As I approached the Mile 1 Nash Road wetlands, a circling raptor caught my eye. I pulled over and watched a HARLAN’S HAWK spiral upwards as it called, “Keee-yurrrr!” I wonder if there might be a nest nearby?
Driving a bit farther, I spotted the TRUMPETER SWAN family about halfway out in the wetlands, feeding on the water horsetails ringing the edge. It’s been a while since I’ve been lucky enough to see them, and so I waited patiently.
To my delight, the whole family eventually worked its way closer and closer to the road, snatching horsetail salad all the way. The six-weeks old cygnets have grown considerably. Their necks are getting longer and their stubby wings have a bit of reach. Fuzzy white baby feathers lingered in tufts from their heads and in patches all over their new, gray juvenile plumage. In between feeding, they preened and stretched. It’s that awkward stage of in-between, but they are well on their way to becoming beautiful swans.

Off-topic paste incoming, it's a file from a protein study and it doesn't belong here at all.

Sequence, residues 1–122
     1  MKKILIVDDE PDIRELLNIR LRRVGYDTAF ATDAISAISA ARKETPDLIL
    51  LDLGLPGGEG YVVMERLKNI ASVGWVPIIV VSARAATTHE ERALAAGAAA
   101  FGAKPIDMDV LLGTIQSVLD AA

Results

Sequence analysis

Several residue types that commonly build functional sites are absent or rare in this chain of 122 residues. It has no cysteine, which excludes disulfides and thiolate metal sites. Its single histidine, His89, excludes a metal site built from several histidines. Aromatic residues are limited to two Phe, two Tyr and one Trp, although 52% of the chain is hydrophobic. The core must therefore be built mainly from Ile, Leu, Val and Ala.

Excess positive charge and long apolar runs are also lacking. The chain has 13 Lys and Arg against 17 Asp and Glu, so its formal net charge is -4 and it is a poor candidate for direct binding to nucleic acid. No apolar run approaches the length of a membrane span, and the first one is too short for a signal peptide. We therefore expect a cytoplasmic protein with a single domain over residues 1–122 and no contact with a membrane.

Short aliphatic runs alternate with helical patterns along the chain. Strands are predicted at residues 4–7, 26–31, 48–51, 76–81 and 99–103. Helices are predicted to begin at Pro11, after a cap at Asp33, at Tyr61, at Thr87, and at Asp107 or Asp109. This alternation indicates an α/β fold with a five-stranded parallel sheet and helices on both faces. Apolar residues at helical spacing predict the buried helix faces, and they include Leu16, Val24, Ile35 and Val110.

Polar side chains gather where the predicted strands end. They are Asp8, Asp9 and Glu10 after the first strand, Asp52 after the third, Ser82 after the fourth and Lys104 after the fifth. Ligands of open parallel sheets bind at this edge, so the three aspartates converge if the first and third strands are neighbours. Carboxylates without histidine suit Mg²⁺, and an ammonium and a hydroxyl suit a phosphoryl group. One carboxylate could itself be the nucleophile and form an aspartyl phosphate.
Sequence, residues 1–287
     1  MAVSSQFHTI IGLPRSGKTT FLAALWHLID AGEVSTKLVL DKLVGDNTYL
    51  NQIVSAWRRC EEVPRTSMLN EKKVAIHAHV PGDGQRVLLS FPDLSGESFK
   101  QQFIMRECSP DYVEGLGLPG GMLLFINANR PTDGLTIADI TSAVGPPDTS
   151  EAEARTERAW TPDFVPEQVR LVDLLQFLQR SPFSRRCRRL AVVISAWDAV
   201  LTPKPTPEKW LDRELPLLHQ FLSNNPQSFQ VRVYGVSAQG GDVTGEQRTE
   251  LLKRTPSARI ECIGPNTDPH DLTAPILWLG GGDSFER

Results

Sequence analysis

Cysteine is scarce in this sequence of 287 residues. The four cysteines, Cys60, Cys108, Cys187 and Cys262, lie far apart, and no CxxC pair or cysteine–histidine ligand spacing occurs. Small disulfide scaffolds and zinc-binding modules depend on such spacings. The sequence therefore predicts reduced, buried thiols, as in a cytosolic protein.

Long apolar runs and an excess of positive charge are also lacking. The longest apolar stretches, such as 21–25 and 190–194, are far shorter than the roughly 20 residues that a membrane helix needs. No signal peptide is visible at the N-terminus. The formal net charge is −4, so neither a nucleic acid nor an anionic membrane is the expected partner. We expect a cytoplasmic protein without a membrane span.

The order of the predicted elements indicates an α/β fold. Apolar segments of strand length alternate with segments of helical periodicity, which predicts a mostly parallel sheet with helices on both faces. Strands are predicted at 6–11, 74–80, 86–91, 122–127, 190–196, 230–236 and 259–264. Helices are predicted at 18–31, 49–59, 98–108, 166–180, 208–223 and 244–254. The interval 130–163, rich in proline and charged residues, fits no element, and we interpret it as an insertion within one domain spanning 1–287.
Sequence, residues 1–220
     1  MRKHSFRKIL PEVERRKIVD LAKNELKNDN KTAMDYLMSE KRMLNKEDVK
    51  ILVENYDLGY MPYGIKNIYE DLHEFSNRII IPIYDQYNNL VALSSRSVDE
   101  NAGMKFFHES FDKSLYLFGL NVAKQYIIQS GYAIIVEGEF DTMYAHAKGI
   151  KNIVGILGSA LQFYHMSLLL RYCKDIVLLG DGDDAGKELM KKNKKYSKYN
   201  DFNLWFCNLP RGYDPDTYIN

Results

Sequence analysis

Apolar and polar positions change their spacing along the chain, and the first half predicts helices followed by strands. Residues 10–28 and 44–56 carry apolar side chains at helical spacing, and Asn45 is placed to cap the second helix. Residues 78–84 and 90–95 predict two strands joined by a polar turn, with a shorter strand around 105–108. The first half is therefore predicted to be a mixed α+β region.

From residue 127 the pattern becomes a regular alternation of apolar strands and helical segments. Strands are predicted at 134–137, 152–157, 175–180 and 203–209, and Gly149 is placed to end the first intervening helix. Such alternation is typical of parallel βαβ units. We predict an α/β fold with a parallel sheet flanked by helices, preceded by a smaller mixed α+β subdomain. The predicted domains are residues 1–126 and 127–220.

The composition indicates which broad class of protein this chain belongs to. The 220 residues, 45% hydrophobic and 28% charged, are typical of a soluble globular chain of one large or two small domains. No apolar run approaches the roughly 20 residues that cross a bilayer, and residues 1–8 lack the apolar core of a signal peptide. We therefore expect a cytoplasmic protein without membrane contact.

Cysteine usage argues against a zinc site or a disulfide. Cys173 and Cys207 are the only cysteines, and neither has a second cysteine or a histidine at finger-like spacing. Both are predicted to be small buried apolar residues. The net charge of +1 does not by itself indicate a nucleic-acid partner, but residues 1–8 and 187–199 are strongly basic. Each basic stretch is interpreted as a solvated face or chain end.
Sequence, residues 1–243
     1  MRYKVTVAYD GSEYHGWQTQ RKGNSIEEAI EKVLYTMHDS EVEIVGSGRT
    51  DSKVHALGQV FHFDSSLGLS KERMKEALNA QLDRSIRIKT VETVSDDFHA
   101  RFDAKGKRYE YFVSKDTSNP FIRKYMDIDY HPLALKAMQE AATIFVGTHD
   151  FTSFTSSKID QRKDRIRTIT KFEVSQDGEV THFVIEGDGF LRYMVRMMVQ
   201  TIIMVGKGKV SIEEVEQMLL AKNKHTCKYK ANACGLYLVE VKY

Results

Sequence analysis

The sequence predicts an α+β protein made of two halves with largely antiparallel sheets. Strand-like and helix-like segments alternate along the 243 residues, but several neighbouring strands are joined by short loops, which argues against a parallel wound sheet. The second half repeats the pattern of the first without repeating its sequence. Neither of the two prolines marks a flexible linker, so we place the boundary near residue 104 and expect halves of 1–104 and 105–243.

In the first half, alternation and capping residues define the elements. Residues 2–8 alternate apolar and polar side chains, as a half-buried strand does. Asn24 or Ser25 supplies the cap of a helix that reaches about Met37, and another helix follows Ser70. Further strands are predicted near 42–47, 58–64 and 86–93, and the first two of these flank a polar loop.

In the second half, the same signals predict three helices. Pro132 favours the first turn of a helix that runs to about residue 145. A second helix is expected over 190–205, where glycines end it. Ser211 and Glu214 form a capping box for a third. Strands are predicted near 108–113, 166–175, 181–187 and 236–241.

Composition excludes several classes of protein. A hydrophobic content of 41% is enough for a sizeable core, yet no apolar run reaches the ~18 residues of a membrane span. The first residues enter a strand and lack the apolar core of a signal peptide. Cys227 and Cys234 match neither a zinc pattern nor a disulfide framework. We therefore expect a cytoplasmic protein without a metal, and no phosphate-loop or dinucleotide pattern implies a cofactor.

The proud parents watched their thriving brood carefully; one tried to take a little nap with eyes open. After dining briefly near the road, it was time to head back. With a subtle head bobbing, an adult led the whole gang away. They paddled leisurely through the horsetails as growing necks stretched ever higher and farther, munching all the way.
Seward Sporadic Bird Report Reporter